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Pastoralists In Amuru Yet To Heed To Presidential Directive On Fencing Grazing Land

Less than half of pastoralists settled in Atiak Sub-county in Amuru District have voluntarily complied with the presidential directives on fencing grazing lands.

Last month, President Museveni issued a fresh eviction notice for pastoralists camped in Northern Uganda to vacate the region within two months unless they meet conditions of legal acquisition of land, erecting a fence, and water sources.

However, with the eviction deadline approaching on January 3, 2022, a local verification committee in Amuru district reveals that only 32 out of the total 96 Pastoralists settled in the greater Atiak Sub-county had fenced their lands.

More than 51,000 acres of land in Kaladima village in Bibia Parish, Palulu village in Okidi South Parish and Okidi North Parish, Lulai village in Palukere parish, and Gunya village in Pacilo Parish in the greater Atiak Sub-county are currently being occupied by pastoralists commonly referred to as Balaalo.

Kenneth Okot, the Atiak Town Council Chairperson and Head of the greater Atiak verification committee say that many pastoralists in the area are hesitant to fence their land.

He says only 32 of the total numbers of pastoralists in the area had by the start of this week voluntarily handed over their documents containing land purchase agreements, national identification, and numbers of animals being kept to the verification committee.

Okot also noted that in their onsite assessment conducted on Tuesday, only one pastoralist was found to have dug water dams on his land with the majority still depending on rivers and streams.

He says the use of community streams and rivers has brewed conflicts between the pastoralists and locals since animals stray into people’s gardens, leaving trails of destruction.

The Amuru Resident District Commissioner, Geoffrey Osborn Oceng acknowledges that reports on the ground indicate a few of the pastoralists in the district had complied with the presidential directives.

Oceng says that a meeting is expected to be held on January 3 next month in Gulu City with the three select committees established by President Museveni will decide on the fate of the non-compliant pastoralists.

The committee members comprise the State Minister for Agriculture in charge of Animal Husbandry, Col Bright Rwamirama, State Minister for Internal Affairs, Gen David Muhoozi, and State Minister for Foreign Affairs Henry Okello Oryem.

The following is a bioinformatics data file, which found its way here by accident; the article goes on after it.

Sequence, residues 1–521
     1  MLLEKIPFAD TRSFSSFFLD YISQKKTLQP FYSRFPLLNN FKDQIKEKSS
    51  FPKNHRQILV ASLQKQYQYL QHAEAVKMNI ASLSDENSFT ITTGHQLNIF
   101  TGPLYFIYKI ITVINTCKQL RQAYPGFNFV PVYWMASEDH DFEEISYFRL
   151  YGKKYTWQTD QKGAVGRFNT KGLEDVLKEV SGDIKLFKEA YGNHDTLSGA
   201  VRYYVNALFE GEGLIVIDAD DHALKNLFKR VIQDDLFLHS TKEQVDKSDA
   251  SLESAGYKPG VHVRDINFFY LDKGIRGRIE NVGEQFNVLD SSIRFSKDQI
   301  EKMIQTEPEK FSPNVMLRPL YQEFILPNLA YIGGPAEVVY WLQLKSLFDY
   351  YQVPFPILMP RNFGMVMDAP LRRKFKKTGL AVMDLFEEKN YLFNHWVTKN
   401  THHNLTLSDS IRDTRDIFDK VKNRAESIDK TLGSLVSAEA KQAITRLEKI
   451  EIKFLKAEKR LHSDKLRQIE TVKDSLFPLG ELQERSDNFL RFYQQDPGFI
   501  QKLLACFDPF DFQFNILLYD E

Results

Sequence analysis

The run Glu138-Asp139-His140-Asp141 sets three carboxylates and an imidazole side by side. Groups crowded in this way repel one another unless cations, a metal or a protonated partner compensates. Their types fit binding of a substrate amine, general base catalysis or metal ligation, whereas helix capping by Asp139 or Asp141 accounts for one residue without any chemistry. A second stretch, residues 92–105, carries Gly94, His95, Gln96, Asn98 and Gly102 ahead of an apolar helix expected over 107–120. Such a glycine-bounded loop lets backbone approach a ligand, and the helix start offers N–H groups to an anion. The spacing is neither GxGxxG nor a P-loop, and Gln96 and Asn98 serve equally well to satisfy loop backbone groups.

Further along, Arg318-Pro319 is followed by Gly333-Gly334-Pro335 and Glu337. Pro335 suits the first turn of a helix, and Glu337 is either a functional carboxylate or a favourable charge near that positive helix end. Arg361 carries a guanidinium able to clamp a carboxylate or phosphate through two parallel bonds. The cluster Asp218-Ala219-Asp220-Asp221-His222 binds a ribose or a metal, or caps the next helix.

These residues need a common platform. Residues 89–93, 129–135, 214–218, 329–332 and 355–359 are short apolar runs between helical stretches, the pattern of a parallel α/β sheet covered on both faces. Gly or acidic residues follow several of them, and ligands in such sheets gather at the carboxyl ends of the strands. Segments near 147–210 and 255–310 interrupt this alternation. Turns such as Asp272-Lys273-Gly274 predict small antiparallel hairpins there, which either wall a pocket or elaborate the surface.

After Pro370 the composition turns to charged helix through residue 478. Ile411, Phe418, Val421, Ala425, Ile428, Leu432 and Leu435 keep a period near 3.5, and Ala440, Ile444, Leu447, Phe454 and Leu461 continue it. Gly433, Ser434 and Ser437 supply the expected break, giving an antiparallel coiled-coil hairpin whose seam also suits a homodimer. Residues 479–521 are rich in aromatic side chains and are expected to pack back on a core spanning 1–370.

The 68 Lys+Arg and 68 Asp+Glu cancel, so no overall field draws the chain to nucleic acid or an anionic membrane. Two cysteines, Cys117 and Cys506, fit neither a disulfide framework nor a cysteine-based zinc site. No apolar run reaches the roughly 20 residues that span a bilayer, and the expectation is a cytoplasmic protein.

Oceng notes that the District will also kick off its internal verification of the pastoralists by Wednesday (December 29) to ensure that the documents of those who voluntarily heeded the directives are genuine.

He says it is possible that some of the pastoralists may connive with local leaders to provide compromised information regarding sales agreement, size of land, and numbers of cattle being herd.

Oceng says the presence of the cattle keepers in the district has seen an escalation of land-related conflicts among family members and neighbors adding that cases of crop destruction by animals went a notch higher than usual.

For instance, he alleges that the district has this year alone registered 102 cases of crop destruction and 152 land conflict-related cases arising from cattle keeping by pastoralists.

Joyce Keren Atim, the LCV Women Councilor for Atiak Sub County alleges that the presence of the pastoralists in the community has facilitated breakups in marriages of couples and increased cases of teenage pregnancy.

She says many women and teenage girls in the community prefer the Pastoralist to their husbands with belief that they have money.

Atim adds that Got Olima, one of the treasured cultural sites, and Kal Amuka, a communal hunting ground in the Atiak Sub-county measuring about 300 acres have been illegally acquired by some of the cattle keepers.

The latest presidential directives follow back-to-back attempts employed by both the government, district, and cultural leaders in the region in curbing the entrance and presence of pastoralists but without success.

Both locals and leaders in the districts of Amuru, Nwoya, Kitgum, Lamwo, and Pader severally raised concerns on alleged rising land conflicts, moral decay, and destruction of cultural sites in areas where some of the pastoralists settled.


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